Boeing has called for the grounding of 128 planes worldwide after one of its jet’s engines exploded mid-flight on Saturday.
The airline manufacturer has urged all airlines to suspend their fleet of 777 planes following the terrifying engine failure over Denver, Colorado.
Video footage captured by a passenger shows the moment a Boeing 777’s engine burst into flames – scattering debris over Denver suburbs – while full of people. The United Airlines aircraft flight 328 was flying from Denver to Honolulu when the incident occurred.
The plane landed safely and no one on the ground or in the plane were hurt in the incident, authorities have said.
US regulators have launched an investigation into the explosion and now Boeing has recommended that none of the 777 planes fitted with the Pratt & Whitney 4000-112 engine should not be used until further notice.
In a statement released last night, Boeing said: ‘While the NTSB investigation is ongoing, we recommended suspending operations of the 69 in-service and 59 in-storage 777 aircraft powered by Pratt & Whitney 4000-112 engines.’
United Airlines, Asiana and Japan’s two main airlines confirmed they had already suspended operations of 63 planes fitted with the same family of engine.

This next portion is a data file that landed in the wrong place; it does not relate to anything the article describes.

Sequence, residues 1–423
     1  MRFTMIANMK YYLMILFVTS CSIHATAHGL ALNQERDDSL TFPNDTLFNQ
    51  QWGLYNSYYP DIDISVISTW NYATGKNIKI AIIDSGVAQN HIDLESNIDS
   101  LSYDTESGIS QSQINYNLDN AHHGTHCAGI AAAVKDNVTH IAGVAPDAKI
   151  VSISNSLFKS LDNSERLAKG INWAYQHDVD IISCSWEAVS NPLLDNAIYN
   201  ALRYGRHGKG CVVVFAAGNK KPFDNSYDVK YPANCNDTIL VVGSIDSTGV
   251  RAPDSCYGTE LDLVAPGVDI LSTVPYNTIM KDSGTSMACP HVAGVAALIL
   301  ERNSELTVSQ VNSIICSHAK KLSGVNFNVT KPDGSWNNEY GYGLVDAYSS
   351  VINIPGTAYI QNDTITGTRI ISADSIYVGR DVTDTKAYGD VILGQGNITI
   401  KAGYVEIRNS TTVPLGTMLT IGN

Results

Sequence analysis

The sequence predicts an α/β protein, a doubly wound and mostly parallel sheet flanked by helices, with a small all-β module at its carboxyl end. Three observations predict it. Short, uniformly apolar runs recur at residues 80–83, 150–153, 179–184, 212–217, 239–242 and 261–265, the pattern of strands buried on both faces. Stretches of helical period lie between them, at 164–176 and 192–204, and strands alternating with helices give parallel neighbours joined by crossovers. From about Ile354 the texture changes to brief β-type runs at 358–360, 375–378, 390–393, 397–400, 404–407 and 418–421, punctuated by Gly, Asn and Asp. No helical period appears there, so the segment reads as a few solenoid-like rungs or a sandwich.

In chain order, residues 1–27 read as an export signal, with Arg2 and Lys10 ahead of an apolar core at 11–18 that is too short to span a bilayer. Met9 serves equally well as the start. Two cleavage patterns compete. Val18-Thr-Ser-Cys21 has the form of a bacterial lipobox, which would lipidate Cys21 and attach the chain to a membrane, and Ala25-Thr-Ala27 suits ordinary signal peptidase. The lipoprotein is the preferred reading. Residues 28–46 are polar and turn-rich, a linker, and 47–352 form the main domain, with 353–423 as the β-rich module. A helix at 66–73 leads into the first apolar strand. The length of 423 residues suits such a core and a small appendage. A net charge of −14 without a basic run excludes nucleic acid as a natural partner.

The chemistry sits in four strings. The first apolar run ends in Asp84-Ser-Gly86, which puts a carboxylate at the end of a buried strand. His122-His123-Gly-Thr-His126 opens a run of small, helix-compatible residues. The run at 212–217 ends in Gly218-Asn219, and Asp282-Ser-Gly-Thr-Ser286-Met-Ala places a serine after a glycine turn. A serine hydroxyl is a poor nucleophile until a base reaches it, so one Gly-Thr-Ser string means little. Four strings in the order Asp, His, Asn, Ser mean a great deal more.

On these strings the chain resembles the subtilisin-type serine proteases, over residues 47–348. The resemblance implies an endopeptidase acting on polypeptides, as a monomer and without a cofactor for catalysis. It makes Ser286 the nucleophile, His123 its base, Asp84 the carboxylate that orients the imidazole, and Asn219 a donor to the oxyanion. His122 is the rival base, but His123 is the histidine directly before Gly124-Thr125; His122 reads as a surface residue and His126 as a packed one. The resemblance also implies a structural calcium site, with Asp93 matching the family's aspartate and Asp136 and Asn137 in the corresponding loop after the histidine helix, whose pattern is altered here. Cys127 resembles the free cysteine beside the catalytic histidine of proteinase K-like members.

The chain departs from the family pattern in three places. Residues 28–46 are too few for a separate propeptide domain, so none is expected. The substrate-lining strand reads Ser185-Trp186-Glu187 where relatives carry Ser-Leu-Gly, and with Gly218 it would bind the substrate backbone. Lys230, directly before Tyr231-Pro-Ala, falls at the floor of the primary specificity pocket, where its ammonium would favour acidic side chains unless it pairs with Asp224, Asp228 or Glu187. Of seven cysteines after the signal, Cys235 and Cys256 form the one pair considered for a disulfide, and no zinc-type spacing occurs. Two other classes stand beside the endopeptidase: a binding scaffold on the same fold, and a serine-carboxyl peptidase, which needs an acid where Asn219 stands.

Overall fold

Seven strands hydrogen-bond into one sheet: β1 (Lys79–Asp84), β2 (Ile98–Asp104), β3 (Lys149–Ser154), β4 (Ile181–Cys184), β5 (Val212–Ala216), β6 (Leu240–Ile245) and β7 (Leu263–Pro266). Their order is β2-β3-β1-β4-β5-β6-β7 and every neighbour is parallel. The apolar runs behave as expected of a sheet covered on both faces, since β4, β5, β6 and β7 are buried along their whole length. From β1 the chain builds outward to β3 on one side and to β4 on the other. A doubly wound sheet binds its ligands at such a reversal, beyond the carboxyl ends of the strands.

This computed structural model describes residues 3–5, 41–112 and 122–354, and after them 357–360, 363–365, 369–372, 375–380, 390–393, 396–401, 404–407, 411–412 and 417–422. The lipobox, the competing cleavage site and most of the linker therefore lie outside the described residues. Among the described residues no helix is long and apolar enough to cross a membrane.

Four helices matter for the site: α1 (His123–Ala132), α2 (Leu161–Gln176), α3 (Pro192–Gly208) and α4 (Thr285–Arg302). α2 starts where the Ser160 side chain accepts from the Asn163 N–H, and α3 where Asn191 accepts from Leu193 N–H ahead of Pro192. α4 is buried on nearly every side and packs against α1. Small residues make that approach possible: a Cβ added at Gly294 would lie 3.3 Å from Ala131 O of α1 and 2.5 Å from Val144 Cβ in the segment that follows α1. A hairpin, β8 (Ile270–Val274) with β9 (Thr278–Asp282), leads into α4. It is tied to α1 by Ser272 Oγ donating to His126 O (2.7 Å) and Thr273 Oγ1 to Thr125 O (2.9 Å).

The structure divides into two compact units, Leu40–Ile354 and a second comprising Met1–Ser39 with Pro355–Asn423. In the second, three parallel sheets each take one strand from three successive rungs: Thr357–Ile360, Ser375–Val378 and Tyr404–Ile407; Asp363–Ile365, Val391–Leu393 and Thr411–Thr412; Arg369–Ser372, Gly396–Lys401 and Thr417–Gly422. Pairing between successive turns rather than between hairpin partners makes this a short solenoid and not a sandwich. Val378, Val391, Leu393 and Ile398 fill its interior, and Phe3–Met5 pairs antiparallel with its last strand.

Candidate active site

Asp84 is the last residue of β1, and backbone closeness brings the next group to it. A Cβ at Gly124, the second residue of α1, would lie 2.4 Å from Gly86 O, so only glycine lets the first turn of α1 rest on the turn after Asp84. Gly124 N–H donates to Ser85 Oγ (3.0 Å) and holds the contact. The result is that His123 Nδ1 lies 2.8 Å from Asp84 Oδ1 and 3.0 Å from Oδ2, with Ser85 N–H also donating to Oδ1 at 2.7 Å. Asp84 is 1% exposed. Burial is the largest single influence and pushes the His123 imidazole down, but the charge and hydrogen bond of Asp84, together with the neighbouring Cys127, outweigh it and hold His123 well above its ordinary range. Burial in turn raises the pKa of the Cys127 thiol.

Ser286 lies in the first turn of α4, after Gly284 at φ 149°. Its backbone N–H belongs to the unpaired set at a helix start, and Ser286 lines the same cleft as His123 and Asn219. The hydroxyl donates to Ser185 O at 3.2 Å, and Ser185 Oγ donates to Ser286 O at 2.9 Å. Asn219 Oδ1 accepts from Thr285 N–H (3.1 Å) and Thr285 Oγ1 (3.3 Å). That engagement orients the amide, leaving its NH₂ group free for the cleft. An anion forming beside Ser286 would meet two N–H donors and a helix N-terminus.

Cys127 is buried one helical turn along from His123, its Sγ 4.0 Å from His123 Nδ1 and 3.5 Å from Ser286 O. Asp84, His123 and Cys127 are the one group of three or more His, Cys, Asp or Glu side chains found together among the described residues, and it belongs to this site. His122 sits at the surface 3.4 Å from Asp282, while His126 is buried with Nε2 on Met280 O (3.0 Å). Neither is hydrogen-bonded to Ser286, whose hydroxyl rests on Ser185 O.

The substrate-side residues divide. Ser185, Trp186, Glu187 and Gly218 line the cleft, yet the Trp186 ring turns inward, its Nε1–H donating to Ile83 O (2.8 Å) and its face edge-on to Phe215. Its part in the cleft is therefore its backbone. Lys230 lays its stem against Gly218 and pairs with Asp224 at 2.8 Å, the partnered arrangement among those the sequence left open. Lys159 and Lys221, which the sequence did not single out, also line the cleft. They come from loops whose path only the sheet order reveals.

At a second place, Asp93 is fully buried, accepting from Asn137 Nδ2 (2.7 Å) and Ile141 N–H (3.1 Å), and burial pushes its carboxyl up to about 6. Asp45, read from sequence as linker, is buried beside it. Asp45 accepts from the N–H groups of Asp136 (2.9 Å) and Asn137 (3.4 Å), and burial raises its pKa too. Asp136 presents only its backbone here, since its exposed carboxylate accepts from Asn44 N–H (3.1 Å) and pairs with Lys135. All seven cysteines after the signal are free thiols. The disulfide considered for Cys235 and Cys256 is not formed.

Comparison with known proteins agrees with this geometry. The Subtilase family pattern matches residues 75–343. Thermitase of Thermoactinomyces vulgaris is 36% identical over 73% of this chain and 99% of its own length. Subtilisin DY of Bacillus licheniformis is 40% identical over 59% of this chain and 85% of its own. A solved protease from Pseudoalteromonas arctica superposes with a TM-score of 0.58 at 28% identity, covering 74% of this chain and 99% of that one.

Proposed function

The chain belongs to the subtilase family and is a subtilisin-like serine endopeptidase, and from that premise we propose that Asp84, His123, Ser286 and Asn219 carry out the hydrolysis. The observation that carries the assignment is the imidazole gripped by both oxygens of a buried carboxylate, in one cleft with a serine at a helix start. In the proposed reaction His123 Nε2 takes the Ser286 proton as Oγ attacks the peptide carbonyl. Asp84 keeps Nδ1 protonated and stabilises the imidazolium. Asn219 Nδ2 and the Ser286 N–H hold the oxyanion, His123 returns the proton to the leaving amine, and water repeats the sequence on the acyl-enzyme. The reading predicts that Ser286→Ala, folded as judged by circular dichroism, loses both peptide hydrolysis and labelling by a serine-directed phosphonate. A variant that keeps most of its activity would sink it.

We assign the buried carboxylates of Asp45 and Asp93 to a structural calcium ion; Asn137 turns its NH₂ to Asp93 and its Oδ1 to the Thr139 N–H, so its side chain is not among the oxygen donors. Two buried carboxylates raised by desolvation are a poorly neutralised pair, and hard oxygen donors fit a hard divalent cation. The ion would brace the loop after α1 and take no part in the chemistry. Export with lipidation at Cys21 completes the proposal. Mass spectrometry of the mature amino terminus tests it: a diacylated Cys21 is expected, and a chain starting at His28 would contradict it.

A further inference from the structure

The US National Transportation and Safety Board are involved in the investigation after the flight 328’s right-hand engine suffered a failure.
As a result, Japan Airlines (JAL) and All Nippon Airways (ANA) have already confirmed they have grounded 13 and 19 planes using PW4000 engines.
The Japanese transport ministry said it had ordered stricter inspections of the engine after a JAL 777 plane flying from Haneda to Naha experienced trouble with ‘an engine in the same family’ in December.
United said it had voluntarily removed 24 Boeing 777 planes from service and expected ‘only a small number of customers to be inconvenienced’.
Asiana Airlines, South Korea’s second-largest carrier, said it would not fly any of its seven currently operational 777s.
‘We are still waiting for instructions from South Korea’s transport ministry on inspections but we are taking preemptive measures by gradually switching aircraft’, a spokesman said.
Steve Dickson, head of US airline regulator the Federal Aviation Administration (FAA), said he had consulted with experts and that some airplanes would ‘likely’ be removed from service.
He said: ‘I have directed them to issue an Emergency Airworthiness Directive that would require immediate or stepped-up inspections of Boeing 777 airplanes equipped with certain Pratt & Whitney PW4000 engines.’
Dickson added that a preliminary safety data review pointed to a need for additional checks of the jet engine’s fan blades, which were unique to the engine model and only used on 777 planes.
Officials from the FAA met with Pratt & Whitney and Boeing representatives on Sunday evening, he added.
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